By David Perry
We are a nation divided. Democrats. Republicans. Polarized. Cleaved.
On everything from race to climate change, from how to repair the economy to how to handle the coronavirus pandemic, Americans are in sharp disagreement.
A study by Pew Research Center showed the depth of the divide a month before November’s election, when roughly eight in 10 registered Trump and Biden voters said a victory by the other candidate would cause “lasting harm” to the nation.
, an associate professor of political science
in the College of Fine Arts, Humanities and Social Sciences
, has studied these divides. He specializes in American political rhetoric, political psychology and ideology, and what he calls “the political consequences of belief.” His most recent book, “One Nation, Two Realities,” is a study of dueling fact perceptions, including their causes and consequences.
We caught up with Marietta recently to discuss our country’s divided body politic and whether unity is possible.
Q. Over the past four years, we have seen a society cleaved not so much by disagreements on opinions over policies or issues, but by disputes about the very facts themselves. Has our country ever been divided in this way? What is different about this time?
A. The Capitol riots demonstrated the depth of our divided perceptions. In my view, the events of January 6 were in large part driven by dueling fact perceptions — especially about the fairness of the election, but also about whose voices are being suppressed, who is advantaged or disadvantaged in our society, and many other deeply divided perceptions of reality driving the rise of populism.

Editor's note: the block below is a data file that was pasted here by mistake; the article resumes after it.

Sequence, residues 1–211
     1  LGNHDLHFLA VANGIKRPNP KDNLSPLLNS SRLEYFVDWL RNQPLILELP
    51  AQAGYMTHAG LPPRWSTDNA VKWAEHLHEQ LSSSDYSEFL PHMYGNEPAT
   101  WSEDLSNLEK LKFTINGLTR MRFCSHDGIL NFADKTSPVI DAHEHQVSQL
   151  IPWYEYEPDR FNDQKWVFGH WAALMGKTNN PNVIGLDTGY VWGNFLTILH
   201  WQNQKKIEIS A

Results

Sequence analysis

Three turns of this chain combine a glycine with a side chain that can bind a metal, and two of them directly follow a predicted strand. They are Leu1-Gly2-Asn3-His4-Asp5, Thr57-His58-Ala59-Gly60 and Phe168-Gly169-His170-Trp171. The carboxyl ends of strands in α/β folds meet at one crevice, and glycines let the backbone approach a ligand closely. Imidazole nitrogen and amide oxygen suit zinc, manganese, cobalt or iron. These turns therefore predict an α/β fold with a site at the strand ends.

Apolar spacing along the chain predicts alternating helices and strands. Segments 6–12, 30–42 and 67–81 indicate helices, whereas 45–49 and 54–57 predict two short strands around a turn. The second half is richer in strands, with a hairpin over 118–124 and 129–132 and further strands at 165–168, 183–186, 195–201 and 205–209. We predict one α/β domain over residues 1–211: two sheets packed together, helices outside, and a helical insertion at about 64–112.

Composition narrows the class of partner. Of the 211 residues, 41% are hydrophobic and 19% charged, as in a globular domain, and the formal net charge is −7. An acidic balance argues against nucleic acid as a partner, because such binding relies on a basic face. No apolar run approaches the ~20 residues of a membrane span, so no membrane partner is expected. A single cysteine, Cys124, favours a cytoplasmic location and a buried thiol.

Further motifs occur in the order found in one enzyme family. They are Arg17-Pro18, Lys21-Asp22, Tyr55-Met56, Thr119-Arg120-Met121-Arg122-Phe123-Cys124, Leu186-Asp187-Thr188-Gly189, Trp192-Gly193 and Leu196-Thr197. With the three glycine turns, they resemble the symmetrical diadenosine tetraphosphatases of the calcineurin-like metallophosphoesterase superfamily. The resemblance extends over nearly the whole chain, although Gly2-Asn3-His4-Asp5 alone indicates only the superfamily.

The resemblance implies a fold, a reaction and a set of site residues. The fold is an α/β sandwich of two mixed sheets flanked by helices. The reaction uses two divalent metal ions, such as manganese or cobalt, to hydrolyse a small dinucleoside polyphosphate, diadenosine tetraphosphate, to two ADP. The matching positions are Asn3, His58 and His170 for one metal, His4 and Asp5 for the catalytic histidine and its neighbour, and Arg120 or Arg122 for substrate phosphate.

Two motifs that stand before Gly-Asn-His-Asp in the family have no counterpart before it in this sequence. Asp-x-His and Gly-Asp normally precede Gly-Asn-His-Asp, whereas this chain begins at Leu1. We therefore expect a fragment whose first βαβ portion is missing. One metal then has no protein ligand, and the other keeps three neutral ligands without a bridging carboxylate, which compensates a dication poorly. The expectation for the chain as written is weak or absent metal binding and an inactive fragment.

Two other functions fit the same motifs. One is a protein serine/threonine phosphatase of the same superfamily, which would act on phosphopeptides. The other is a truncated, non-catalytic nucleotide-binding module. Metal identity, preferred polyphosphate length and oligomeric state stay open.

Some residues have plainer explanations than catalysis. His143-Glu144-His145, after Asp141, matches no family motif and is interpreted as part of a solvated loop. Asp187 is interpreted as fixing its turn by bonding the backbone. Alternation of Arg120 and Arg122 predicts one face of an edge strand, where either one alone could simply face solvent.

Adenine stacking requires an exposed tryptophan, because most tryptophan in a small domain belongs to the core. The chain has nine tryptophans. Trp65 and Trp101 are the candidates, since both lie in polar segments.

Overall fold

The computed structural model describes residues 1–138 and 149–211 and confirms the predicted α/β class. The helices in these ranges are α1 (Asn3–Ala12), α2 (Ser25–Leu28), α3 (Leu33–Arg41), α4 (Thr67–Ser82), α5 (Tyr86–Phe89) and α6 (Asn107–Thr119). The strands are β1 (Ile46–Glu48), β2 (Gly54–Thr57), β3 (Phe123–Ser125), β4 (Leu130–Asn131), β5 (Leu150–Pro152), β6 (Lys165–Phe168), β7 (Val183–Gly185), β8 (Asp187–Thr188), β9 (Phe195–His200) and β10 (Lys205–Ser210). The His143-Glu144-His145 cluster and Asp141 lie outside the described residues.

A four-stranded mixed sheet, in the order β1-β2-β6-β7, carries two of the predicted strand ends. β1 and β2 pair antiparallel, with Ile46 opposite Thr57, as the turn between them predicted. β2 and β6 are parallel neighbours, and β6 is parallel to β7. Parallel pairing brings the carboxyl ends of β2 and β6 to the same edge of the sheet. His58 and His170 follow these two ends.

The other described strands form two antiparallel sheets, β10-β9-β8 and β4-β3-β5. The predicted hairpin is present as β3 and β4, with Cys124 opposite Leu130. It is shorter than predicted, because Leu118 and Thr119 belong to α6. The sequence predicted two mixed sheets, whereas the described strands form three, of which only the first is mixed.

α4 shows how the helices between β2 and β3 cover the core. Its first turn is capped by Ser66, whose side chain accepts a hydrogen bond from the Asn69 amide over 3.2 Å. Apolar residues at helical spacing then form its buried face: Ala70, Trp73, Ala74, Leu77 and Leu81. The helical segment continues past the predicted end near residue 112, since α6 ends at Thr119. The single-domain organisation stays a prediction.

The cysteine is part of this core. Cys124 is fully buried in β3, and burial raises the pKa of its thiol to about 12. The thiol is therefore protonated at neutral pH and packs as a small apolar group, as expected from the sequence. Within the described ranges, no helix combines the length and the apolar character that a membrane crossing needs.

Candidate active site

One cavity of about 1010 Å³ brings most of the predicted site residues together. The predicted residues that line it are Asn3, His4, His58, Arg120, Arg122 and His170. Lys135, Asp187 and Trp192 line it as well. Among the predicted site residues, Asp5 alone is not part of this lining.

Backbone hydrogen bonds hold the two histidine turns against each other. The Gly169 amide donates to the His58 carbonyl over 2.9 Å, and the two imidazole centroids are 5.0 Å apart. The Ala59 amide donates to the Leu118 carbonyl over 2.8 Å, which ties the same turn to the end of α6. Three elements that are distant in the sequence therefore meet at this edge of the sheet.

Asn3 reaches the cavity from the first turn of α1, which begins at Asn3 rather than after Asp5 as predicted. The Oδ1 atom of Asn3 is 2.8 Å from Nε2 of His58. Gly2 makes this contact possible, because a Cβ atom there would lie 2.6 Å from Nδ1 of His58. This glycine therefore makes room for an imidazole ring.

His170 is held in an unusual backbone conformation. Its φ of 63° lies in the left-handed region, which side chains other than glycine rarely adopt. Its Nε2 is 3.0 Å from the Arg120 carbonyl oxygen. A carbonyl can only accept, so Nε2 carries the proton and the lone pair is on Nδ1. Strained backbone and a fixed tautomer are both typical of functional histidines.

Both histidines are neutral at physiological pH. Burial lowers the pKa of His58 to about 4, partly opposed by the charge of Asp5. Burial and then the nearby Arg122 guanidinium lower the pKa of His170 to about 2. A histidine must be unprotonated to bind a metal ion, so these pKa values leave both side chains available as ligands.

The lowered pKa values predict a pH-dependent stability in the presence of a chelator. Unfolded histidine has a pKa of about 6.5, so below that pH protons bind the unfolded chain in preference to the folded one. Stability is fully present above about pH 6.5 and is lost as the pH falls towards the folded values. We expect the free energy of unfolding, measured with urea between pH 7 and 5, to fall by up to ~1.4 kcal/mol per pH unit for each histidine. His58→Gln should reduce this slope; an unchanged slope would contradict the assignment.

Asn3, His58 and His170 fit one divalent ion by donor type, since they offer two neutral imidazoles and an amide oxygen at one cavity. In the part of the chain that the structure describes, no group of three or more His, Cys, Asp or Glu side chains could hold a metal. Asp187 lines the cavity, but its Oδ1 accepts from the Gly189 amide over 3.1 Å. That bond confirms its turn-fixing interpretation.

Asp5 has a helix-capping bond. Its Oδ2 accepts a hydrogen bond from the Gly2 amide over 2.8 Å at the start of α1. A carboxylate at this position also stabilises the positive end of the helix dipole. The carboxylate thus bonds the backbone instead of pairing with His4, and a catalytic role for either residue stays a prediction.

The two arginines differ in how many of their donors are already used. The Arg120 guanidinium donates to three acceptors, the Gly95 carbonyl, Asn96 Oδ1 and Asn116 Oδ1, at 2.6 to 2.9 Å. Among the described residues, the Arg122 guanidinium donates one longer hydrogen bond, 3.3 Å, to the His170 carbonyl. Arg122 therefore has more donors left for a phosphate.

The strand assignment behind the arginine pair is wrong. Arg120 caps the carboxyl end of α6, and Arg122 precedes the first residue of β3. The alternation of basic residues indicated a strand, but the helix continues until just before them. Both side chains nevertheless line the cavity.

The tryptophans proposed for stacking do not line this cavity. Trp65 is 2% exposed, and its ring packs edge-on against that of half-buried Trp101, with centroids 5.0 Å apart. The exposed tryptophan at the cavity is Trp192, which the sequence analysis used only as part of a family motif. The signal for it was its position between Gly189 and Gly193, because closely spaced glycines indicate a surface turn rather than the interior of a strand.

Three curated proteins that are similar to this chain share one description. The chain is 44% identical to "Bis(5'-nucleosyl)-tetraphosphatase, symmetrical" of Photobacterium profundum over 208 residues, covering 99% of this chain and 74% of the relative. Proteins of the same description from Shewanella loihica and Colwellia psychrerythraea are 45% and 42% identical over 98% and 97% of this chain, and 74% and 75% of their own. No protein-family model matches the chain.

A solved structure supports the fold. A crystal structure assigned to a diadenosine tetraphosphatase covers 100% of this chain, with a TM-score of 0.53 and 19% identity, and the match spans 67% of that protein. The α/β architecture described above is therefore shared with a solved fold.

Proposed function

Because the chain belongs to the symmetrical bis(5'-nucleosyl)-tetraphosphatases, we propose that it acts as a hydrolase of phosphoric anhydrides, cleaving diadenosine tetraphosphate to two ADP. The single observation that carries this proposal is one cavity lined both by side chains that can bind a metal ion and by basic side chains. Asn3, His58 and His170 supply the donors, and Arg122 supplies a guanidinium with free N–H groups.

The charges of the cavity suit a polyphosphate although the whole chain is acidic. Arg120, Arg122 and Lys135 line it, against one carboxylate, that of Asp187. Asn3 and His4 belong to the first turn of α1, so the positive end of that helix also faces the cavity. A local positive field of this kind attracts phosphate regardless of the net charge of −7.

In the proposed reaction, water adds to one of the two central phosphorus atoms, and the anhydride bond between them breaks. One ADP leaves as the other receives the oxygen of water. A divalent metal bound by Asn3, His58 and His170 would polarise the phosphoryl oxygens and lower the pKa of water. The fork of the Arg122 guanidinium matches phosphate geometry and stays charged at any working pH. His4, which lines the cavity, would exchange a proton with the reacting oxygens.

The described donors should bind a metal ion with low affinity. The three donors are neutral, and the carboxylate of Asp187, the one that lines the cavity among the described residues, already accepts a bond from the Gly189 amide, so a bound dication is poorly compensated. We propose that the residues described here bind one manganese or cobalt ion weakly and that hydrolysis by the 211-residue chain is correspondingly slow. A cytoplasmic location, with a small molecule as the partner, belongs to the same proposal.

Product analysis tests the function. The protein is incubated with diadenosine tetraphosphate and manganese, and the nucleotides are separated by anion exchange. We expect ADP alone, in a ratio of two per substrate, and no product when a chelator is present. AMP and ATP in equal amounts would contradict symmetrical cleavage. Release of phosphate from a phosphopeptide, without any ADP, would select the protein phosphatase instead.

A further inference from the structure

The fact that people really do see prevailing realities differently has taken some time to sink in. Both the left and the right are recognizing the influence of divided perceptions. House Speaker Nancy Pelosi, a Democrat, remarked that the Capitol rioters were attempting to “repeal reality,” and Newt Gingrich, the Republican former speaker of the House, wrote that “conservatives are not disagreeing with the left within a commonly understood world. We live in alternative worlds.”
We have suffered through periods of dueling fact perceptions before. We don’t have to go back to the Civil War, but just to the competing Cold War perceptions of the Soviet Union. But I do think it is different now. Our polarization is more multifaceted and thorough, stretching across culture, religion, political party, information sources, wealth, education, entertainment and now perceived facts.
We can be utterly separated in nearly every way from someone who lives next door. The power of technology to allow us to communicate only with the like-minded has never been this advanced. And even in the Civil War and Cold War, Americans across the divide still trusted the institutions of knowledge — especially universities — to reveal realities in which they could all trust. That is no longer true and is perhaps one of the least-recognized sources of dueling fact perceptions.
Q. You’ve researched what you call “the political consequences of belief.” What does that mean?